Time to travel to Japan? Let’s even make it somewhere around Nagoya where legends and folks of my childhood books are dreaming… where the food is so good… and where Brian resides. Brian Cullen has been working in Japan for quite some times now with Standing in Spirit, as an NLP trainer and coach, spreading the words across cultures. You can contact Brian on LinkedIn, Facebook or twitter.
Talking4good (T4g): How did you come into contact with NLP?
Brian: It was way back in August 2001. I was trying to escape the desperately humid summer of Nagoya, Japan, and a friend invited me to an NLP seminar. He had previously briefly tried to explain NLP to me, but it was the respite from the hot summer and an escape from my air conditioner-less house that was perhaps most enticing. After all these years, I can confirm that NLP keeps you cool <smile>.
T4g: What NLP qualification do you have?
Brian: I did my Practitioner and Master Practitioner in Japan and New Zealand with the wonderful trainer, Richard Bolstad. I was then lucky to have the opportunity to do my trainers training in Santa Cruz at NLPU with Robert Dilts, Judith Delozier, Suzi Smith and some other very good folks.
T4g: Have you joined an NLP association?
Brian: IANLP and IN
T4g: What do you expect from those various NLP associations?
Brian: A few things <smile> like 1. Leadership in research 2. a clear statement about standards of training in NLP 3. a forum for arbitration of disputes 4. a network for practitioners and trainers to continue to develop
T4g: What do you like best in NLP?
Brian: It is the most powerful tool that I yet have found for teaching, learning, change, and growth. It focuses on process, rather than on content – which I believe is a very useful approach to modelling success.
T4g: What is your current focus with NLP?
Brian: Hum… let me count…. <smil> 1. Running and teaching an NLP Practitioner Course 2. Writing and recording of a CD of songs for NLP 3. Research into how the allergy relief (counter-example process) can be improved. 4. Research into more effective use of NLP in Education, eventually leading to wider recognition of its benefits.
T4g: How is NLP present in Japan?
Brian: There is very little awareness among the general public, but this has changed over recent years with the growth of several large training schools. In addition, there is a growing awareness of the field of coaching in Japan, and various coaching books have been published – several of which are a repackaging of NLP processes. Much more than Europe or the United States, Japan is a very group-oriented culture and in most cases the map is the territory. The individual is very much pressured to adapt the map of the prevailing group, often with the corresponding internal stress and worries that result from denying the individual map.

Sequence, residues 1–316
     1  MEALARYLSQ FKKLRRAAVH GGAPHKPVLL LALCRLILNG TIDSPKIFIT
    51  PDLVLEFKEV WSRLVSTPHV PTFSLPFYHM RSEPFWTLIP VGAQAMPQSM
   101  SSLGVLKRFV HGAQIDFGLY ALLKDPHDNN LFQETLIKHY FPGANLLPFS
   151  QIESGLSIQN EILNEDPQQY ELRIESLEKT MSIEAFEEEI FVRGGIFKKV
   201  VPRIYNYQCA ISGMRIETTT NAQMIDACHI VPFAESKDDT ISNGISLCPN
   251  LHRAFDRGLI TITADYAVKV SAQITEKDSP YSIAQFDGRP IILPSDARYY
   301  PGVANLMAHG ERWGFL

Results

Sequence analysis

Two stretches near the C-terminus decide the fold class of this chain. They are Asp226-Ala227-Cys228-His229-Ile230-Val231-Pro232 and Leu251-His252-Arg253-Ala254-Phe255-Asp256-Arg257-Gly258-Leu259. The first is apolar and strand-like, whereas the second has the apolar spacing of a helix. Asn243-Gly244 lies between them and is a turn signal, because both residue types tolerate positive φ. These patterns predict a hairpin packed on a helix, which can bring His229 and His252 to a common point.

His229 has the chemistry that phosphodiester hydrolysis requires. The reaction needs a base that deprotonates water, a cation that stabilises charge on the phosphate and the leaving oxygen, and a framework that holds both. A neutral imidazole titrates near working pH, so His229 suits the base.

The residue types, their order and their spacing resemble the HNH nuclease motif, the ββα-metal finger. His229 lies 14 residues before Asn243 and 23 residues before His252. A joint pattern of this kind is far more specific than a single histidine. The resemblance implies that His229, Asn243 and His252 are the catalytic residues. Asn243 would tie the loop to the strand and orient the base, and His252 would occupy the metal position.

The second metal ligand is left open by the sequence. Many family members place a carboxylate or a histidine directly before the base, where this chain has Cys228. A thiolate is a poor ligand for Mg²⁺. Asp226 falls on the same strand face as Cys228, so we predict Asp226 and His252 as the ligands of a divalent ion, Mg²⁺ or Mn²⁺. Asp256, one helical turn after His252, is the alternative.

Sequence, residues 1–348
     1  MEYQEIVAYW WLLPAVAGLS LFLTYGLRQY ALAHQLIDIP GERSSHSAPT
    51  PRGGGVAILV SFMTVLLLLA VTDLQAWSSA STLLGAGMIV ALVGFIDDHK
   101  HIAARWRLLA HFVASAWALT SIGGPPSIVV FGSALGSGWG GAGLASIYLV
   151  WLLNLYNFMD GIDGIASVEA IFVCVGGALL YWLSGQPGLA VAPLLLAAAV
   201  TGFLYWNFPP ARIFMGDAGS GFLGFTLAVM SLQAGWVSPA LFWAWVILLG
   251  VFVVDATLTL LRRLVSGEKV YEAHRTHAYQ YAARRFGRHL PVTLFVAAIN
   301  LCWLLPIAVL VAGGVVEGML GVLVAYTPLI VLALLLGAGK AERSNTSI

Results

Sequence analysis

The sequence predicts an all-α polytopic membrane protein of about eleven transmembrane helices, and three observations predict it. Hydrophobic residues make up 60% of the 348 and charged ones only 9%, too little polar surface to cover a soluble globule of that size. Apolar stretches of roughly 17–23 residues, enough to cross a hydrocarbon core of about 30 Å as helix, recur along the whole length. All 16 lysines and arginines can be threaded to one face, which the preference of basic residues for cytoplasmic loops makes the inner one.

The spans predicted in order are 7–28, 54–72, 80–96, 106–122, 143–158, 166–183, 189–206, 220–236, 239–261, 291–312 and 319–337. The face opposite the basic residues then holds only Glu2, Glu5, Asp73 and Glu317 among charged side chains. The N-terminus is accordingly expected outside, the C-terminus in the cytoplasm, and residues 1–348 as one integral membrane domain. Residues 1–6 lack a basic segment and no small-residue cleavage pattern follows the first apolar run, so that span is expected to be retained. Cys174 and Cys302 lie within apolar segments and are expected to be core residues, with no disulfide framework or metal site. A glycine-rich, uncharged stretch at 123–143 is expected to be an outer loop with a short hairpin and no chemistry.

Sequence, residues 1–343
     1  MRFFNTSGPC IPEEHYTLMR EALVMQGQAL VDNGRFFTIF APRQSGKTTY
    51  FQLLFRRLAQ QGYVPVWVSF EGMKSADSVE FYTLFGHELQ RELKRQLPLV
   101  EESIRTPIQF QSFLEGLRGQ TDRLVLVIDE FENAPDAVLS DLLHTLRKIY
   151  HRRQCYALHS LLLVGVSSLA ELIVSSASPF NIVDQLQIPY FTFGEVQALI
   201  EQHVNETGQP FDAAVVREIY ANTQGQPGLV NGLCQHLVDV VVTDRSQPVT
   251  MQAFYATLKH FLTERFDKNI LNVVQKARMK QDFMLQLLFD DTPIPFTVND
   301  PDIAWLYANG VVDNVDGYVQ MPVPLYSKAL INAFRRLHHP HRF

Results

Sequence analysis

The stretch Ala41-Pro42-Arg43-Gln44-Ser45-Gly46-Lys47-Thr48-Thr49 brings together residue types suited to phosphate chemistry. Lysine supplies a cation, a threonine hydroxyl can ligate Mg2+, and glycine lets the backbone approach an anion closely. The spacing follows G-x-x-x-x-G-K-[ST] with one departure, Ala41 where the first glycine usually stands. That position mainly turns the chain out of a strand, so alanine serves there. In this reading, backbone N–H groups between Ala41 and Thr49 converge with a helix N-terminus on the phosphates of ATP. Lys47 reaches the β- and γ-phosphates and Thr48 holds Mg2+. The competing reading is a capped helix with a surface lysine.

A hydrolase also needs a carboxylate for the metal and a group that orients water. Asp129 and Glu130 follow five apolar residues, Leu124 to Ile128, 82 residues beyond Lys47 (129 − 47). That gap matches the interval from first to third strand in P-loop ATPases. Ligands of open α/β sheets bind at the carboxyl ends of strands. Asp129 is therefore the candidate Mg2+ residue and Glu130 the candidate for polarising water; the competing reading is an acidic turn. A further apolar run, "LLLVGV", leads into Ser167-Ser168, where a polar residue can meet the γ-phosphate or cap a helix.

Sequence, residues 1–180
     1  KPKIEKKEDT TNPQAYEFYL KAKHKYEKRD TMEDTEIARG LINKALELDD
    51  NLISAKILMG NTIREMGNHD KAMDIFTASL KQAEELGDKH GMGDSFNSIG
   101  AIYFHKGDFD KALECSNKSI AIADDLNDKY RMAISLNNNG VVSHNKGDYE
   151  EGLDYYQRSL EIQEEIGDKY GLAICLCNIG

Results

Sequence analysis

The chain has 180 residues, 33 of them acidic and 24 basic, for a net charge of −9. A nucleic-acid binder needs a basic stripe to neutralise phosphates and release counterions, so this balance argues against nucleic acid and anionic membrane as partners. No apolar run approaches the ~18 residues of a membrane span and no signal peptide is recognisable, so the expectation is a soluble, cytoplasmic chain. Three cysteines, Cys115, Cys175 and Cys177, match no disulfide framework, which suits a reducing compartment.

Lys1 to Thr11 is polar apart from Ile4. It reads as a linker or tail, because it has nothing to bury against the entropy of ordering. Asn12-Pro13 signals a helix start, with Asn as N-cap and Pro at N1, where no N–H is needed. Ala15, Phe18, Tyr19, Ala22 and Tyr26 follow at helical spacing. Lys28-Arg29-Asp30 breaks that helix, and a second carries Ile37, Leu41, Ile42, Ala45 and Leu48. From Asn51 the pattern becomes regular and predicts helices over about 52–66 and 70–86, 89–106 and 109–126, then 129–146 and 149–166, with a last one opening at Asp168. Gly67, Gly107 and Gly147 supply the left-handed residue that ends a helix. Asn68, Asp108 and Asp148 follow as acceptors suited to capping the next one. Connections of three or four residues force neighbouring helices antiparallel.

T4g: NLP roots are within the English language, how do you bridge this with Japanese language?
Brian: I’m involved in an on-going project to create a fully bilingual Japanese-English training manual. Some NLP processes can easily be translated into Japanese. Others are much trickier because NLP is such an English-centred epistemology and methodology. Perhaps the most difficult areas are the translation of tenses (Japanese has a very different set of time structures) and the common omission of a subject in Japanese statement.
T4g: What opportunity do you have to meet with other NLP practitioners?
Brian: Lots of online interaction. In person, I’ve set up an organization called NLP Connections Japan, specifically with the goal of bringing together NLP practitioners of different backgrounds to exchange ideas, carry out research, and raise the standards and acceptance of NLP in Japan.
T4g: What do you think about NLP and research?
Brian: It is essential to keep pushing NLP forward. One way that this can be achieved is of course, modelling. Another way is through serious research that examines the use of NLP in a manner that is comparable to other social sciences or therapies. Recent years have seen good advances in NLP research and growing support, particularly in Europe.
T4g: Any specific NLP research you would like to be involved with?
Brian: As I mention the NLP for Allergy Relief. Allergies are an enormous problem in Japan. Then using NLP in Education.
T4g: What would be your next step with NLP?
Brian: Good question – so many potential directions. I would like to carry out several modelling projects and to push my NLP research further. Oh yes – and I’d like to finish the CD of NLP songs this year! It’s going to be fun.
T4g: A last comment to conclude?
Brian: I see two simultaneous trends in the world of NLP. On the one hand, we have the continuing trend to cheapen courses in price, length, and quality. A “Practitioner Course” can now be purchased for $69 and completed by filling in a short written test without ever having practiced any of the techniques or shown any real understanding of the concepts and presuppositions. On the other hand, we see an increasing amount of high-quality research and work, particularly within Europe. In the long-term, the name of NLP may be too muddied and cheapened to survive, but I have no doubt that the ideas will continue to go forward to inform and help future generations. One other positive development is the refocus of the general field of psychology from “fixing people” to what has become known as “Positive Psychology”. In other words, psychology has finally figured out what the founders of NLP modelled from the Human Potential Movement – it’s useful to look at how people do things well, rather than continually focus on what they are doing badly.